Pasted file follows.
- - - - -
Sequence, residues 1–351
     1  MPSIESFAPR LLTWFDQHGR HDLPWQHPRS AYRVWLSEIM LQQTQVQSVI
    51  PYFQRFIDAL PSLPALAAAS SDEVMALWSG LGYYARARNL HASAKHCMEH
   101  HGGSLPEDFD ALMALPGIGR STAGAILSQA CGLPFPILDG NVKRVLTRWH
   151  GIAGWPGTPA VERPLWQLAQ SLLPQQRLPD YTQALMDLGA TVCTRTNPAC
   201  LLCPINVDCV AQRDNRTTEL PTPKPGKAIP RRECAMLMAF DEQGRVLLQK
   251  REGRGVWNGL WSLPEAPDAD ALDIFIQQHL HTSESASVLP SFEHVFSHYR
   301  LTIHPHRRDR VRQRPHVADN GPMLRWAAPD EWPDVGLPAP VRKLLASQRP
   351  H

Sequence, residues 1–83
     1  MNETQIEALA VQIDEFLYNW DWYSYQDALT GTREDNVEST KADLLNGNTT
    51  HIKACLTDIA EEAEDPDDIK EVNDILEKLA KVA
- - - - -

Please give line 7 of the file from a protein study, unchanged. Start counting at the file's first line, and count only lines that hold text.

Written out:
   251  REGRGVWNGL WSLPEAPDAD ALDIFIQQHL HTSESASVLP SFEHVFSHYR